• Tiffany Liu

Pitch Wars Advice Blog Hop


Picture by Tiffany Liu; Bookmarks by Rae DelBianco

Hello 2019 Pitch Wars hopefuls! Before getting into the nitty gritty and sharing what it was like to be a Pitch Wars mentee, here's some brief information about myself:


I'm Tiffany, a Taiwanese writer/doctor and last year, I was lucky enough to have my dragon book (you can mosey around my page for a description of it) be picked by Jessica Vitalis and Julie Artz to be a 2018 PW novel! I write fantasy and am hoping to step into Sci Fi sometime, and my ideas trend toward the weird and beautiful...or just plain wacky.


If you're here, you probably already know what Pitch Wars is. But if not, here's what PW is in a nutshell: a mentorship program where chosen mentees will revise their novel (substantially) and, at the end of three months, participate in an agent showcase where agents can request partials/fulls on the PW site.


Now that the introductions are out of the way, let's head onto what exactly happens during Pitch Wars, how to know whether you're ready, and more.


What to expect during Pitch Wars...


For a more detailed look at my Pitch Wars experience, you can check out this post, but in short, I rewrote my entire book. Yes, that's right. About three scenes survived and even those changed quite massively in context. I also went from YA to MG. By the time the agent showcase had arrived, I had done two revisions and one more pass for line edits, all within four months.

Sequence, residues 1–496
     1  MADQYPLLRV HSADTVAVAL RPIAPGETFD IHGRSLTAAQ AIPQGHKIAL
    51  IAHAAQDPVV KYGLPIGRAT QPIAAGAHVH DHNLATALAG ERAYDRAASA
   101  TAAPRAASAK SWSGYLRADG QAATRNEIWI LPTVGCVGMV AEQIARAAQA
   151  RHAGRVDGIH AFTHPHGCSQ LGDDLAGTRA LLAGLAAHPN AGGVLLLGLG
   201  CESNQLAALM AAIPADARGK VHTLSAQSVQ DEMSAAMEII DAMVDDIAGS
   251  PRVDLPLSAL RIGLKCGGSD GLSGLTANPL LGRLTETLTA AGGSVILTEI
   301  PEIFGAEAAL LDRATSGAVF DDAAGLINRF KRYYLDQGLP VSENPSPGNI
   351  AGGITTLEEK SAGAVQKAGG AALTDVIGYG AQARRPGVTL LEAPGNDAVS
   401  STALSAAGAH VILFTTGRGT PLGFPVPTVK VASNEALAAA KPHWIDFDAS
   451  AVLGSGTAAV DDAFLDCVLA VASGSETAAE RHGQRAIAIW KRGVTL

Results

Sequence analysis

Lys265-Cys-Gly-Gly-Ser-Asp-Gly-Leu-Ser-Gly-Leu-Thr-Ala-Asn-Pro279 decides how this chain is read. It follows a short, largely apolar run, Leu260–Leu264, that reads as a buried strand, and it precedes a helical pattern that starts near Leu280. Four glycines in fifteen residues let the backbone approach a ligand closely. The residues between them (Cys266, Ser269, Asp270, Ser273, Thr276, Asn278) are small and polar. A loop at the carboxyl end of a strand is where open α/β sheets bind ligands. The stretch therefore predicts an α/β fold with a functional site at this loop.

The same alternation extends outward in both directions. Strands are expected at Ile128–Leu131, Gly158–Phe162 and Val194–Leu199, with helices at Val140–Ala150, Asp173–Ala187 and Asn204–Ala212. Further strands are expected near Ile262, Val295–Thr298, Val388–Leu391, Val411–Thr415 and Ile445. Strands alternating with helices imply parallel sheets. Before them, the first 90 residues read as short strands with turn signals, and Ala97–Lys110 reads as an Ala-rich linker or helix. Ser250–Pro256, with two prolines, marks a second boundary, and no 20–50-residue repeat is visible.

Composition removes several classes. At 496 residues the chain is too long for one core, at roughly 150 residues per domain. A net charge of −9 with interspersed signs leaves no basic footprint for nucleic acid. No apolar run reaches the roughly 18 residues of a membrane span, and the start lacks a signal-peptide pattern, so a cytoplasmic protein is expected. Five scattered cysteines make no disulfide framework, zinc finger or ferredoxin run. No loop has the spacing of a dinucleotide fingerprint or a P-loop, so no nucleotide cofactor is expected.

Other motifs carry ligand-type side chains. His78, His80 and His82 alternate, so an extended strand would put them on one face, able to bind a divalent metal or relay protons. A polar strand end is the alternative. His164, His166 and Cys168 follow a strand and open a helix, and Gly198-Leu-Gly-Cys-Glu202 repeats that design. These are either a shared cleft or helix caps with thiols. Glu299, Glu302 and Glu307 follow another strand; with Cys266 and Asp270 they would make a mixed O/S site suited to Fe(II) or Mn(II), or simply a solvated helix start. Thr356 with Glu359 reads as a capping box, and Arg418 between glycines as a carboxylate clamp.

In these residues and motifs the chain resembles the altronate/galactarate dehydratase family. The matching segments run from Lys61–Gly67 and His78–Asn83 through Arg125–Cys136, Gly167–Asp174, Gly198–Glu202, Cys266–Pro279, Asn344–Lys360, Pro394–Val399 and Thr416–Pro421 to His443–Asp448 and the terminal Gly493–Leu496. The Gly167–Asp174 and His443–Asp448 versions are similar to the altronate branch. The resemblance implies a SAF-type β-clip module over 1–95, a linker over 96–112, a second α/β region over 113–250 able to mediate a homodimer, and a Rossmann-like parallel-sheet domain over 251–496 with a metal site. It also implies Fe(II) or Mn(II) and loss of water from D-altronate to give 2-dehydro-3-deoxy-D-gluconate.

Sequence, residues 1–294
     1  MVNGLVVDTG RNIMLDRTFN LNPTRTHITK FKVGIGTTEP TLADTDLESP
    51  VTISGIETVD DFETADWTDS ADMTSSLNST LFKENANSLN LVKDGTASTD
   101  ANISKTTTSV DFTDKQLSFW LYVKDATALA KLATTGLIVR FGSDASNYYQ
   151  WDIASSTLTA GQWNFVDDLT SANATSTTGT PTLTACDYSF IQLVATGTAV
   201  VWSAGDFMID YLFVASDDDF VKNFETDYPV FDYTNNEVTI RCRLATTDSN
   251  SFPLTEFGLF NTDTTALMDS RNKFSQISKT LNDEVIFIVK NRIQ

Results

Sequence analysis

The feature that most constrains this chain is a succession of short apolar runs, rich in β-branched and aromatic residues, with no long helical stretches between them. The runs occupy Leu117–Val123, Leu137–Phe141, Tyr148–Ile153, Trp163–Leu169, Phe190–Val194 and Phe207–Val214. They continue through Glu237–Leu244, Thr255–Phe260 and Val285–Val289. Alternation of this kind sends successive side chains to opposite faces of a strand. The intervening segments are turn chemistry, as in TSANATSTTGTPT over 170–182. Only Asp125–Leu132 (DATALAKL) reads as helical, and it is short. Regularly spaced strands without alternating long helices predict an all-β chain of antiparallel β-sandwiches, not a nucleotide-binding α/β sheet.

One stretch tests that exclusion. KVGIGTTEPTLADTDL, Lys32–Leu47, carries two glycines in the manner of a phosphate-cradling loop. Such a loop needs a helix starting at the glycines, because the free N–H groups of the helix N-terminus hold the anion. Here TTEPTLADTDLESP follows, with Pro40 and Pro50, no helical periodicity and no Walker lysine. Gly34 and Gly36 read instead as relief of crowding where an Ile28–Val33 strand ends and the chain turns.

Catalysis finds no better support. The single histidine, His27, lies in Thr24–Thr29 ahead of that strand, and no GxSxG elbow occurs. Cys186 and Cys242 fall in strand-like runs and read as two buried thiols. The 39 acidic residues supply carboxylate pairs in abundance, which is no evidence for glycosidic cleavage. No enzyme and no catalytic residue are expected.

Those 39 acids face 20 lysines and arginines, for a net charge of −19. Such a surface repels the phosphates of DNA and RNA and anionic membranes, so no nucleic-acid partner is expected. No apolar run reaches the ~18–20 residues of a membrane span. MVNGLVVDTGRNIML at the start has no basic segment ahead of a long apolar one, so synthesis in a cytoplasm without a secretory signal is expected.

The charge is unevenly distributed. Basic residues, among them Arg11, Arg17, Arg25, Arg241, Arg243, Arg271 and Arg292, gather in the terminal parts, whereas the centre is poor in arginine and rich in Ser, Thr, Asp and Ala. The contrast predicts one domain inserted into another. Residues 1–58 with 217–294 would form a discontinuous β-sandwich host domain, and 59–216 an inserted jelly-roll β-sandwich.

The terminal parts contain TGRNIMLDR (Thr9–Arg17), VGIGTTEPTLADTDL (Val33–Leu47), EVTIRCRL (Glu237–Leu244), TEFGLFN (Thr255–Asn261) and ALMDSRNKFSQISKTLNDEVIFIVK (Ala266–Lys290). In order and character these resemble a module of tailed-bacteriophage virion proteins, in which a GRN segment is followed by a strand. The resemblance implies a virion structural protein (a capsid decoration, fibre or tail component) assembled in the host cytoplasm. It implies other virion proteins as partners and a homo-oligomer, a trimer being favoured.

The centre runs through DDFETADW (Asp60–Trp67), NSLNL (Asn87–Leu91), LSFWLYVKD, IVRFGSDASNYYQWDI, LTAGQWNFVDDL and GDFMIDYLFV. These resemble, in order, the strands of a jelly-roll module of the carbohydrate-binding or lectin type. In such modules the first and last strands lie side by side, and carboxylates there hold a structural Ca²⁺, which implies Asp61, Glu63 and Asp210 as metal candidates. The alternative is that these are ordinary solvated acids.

Let the record show that my mentors told me that out of their past mentees, I underwent the most extensive revision. And from what I observed, I did one of the heaviest revisions of my year as well.


So, the first thing to expect: You will make big changes. I literally heard of only one person who finished their first revision in a month and even so I'm not sure if that's a memory blip of mine. The changes will hurt. You will dig your heels in. But looking back, you'll realize it was all worth it. As you do this you will undergo another change: You will become a much better writer.


The second thing to expect: You will be under a lot of pressure. You will be doing a lot of work in a relatively short amount of time, and you'll be doing that while still managing your daily life. I was working 80+ hours a week during Pitch Wars and yes, I definitely hated life for a while there.


The third thing to expect: Your mentor(s) will be your greatest pillar(s). They will hold your hand even as they tell you what must be changed about your book. They will encourage you even as they push you to complete your revisions. They will help you with your query, synopsis, and pitch, and give you advice on agents.


Pitch Wars is stressful and challenging, but at the end of if you'll emerge with a better book, advanced writing skills, and friends to accompany you onward.


What Pitch Wars doesn't guarantee...


- An agent

- A book deal


Literally nothing can guarantee you those two things.


What to do during the wait?


Ah, waiting. The torture all writers must endure. Literally, sometimes it feels like that's the majority of what we do. But here are some serious (and not so serious) recommendations for what to do during this time: